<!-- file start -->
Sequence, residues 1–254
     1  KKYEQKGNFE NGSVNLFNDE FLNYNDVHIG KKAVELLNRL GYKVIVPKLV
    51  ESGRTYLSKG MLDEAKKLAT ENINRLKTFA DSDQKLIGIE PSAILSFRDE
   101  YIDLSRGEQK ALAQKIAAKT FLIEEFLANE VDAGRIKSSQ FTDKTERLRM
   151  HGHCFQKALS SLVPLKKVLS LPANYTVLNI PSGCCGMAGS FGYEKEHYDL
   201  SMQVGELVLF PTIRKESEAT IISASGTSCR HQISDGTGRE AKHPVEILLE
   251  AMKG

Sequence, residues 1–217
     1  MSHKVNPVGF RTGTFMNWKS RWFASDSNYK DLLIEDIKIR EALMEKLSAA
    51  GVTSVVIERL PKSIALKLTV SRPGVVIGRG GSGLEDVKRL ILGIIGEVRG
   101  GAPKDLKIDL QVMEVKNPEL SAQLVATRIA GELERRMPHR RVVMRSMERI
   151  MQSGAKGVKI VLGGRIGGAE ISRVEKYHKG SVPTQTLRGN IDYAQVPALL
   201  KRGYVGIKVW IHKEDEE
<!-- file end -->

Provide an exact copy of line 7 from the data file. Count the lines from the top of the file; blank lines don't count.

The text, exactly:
   251  AMKG